Jerry D. Harrison, Petitioner-appellant, v. Daniel R. Stokke, Individually and in His Official Capacityas a Seattle Police Detective; Jane Doe Stokke,and the Marital Community Thereof;seattle Police Department,respondents-appellees, 990 F.2d 1257 (9th Cir. 1993)

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U.S. Court of Appeals for the Ninth Circuit - 990 F.2d 1257 (9th Cir. 1993)

Submitted March 10, 1993. *Decided March 24, 1993

Appeal from the United States District Court for the Western District of Washington; No. CV-89-627-JCC, John C. Coughenour, District Judge, Presiding.

W.D. Wash.


Before WALLACE, Chief Judge, and FARRIS and BRUNETTI, Circuit Judges.


Jerry Harrison, a Washington State prisoner, appeals pro se the district court's summary judgment for defendants in his 42 U.S.C. § 1983 action.1  Harrison contends that Stokke, acting in accord with Seattle Police Department policy, violated Harrison's constitutional right to due process by using a photo montage containing Harrison's picture from which crime victim Lynette Friberg identified Harrison as her assailant.2  We have jurisdiction pursuant to 28 U.S.C. § 1291, and we affirm.

We review de novo the district court's grant of summary judgment. Kruso v. International Tel. & Tel. Corp., 872 F.2d 1416, 1421 (9th Cir. 1989), cert. denied, 496 U.S. 937 (1990). Summary judgment is appropriate if the evidence, construed in the light most favorable to the nonmoving party, shows that there is no genuine issue as to any material fact and that the moving party is entitled to judgment as a matter of law. Fu-Kong Tzung v. State Farm Fire & Casualty Co., 873 F.2d 1338, 1339-40 (9th Cir. 1989). Moreover, general or conclusory allegations will not withstand a motion for summary judgment. Taylor v. List, 880 F.2d 1040, 1045 (9th Cir. 1989).

The use of a photo montage to assist a victim to identify an assailant does not violate due process unless the procedure is so impermissibly suggestive as to lead to a substantial likelihood of irreparable misidentification. Simmons v. United States, 390 U.S. 377, 384 (1968); Denham v. Deeds, 954 F.2d 1501, 1504 (9th Cir. 1992). In addition, a claim under section 1983 must allege more than mere negligence. Daniels v. Williams, 474 U.S. 327, 330-31 (1986); Redman v. County of San Diego, 942 F.2d 1435, 1440 (9th Cir. 1991), cert. denied, 112 S. Ct. 972 (1992).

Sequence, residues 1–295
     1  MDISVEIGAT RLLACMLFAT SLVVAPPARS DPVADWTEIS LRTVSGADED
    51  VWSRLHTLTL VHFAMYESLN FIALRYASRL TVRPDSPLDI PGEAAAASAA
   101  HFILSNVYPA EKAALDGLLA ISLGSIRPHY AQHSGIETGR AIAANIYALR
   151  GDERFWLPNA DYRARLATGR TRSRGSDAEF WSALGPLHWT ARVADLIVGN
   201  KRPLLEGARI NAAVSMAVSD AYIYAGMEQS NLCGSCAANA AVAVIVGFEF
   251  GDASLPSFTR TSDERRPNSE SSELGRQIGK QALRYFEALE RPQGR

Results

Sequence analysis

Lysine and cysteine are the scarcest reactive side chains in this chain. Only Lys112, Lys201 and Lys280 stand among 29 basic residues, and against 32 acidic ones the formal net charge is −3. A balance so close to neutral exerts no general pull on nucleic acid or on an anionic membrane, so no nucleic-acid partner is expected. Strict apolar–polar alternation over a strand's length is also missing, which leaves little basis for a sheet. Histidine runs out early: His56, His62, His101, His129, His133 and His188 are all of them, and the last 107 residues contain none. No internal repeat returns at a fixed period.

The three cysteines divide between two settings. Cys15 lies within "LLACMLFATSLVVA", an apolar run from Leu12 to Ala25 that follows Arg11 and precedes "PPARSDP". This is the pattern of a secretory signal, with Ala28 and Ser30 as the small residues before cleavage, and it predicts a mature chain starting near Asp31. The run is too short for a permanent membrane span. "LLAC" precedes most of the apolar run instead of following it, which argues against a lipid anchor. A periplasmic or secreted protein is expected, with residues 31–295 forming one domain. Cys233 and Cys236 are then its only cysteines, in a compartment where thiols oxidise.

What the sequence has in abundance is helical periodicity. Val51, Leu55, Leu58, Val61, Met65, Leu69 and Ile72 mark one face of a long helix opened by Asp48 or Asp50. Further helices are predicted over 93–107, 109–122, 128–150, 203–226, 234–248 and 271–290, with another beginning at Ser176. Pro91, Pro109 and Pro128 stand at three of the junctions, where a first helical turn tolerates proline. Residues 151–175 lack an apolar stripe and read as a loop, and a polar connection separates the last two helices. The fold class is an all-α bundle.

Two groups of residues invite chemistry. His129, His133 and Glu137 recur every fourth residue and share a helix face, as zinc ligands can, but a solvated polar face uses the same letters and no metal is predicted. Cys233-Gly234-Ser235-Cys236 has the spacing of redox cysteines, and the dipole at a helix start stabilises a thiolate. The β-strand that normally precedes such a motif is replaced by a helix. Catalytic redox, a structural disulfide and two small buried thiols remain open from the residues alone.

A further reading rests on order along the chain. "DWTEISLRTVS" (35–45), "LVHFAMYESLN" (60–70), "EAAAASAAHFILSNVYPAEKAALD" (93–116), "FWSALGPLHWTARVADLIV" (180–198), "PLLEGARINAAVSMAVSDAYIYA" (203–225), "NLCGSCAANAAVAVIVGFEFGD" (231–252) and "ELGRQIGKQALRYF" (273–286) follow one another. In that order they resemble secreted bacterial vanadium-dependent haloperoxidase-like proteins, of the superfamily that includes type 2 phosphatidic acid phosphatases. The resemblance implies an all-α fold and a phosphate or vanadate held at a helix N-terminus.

Here, the evidence showed that Stokke followed standard police policy when he showed Friberg the montage; he did not influence her to identify Harrison as her assailant. Harrison did not counter that evidence with any specific factual allegations. Rather, he repeatedly asserted, in general and conclusory terms, that Stokke conspired with Friberg to identify Harrison. Thus, Stokke is entitled to judgment as a matter of law because Harrison was unable to show that the photo montage was unduly suggestive. See Simmons, 390 U.S. at 384; see also Taylor, 880 F.2d at 1045-46. Further, because Harrison could not show that Stokke acted unconstitutionally, the Seattle Police Department is not liable. See Palmerin v. City of Riverside, 794 F.2d 1409, 1415 (9th Cir. 1986).

Accordingly, we affirm the district court's summary judgment.3 



The panel unanimously finds this case suitable for decision without oral argument. Fed. R. App. P. 34(a); 9th Cir.R. 34-4


This disposition is not appropriate for publication and may not be cited to or by the courts of this circuit except as provided by 9th Cir.R. 36-3


In a companion appeal, Harrison appealed the district court's denial of his motion to vacate the judgment. That appeal was dismissed on June 17, 1991. See Harrison v. Stokke, No. 91-35149 (9th Cir. June 17, 1991) (order dismissing appeal). Thus, the issue of the denial of the motion to vacate is not before the court on this appeal


Harrison also alleges that the district court erred by refusing to grant his request for counsel to represent him in this civil suit. Although a district court may appoint counsel to represent an indigent defendant pursuant to 28 U.S.C. § 1915(d), the court will exercise that power only in exceptional circumstances. Wood v. Housewright, 900 F.2d 1332, 1335 (9th Cir. 1990). The district court focuses its decision on factors such as the plaintiff's likelihood of success on the merits and the complexity of the issues involved. See id. Although Harrison alleges that the issues in this action are so complex that he cannot properly litigate them without the assistance of counsel, the district court did not abuse its discretion by determining that the difficulties Harrison has encountered are no more exceptional than those of every other pro se litigant. See id. This court also denied Harrison's request for counsel on appeal in a separate motion


On March 16, 1992, we denied Harrison's motion for appointment of counsel. On June 3, 1992, Harrison filed an affidavit again requesting appointment of counsel and apparently requesting summary reversal. We denied his request for summary reversal on October 27, 1992. On November 6, 1992, Harrison filed a letter seeking clarification of the latter order. We now deny that motion because the order is self-explanatory

On January 14, 1993, we construed Harrison's June 3, 1992 request as a motion to reconsider our March 16, 1992 order and denied the motion to reconsider. Appellant's letter of January 26, 1993 is construed as a motion to reconsider our order of January 14, 1993. So construed, this motion is denied. This memorandum disposition constitutes our final judgment in this appeal. Fed. R. App. P. 36.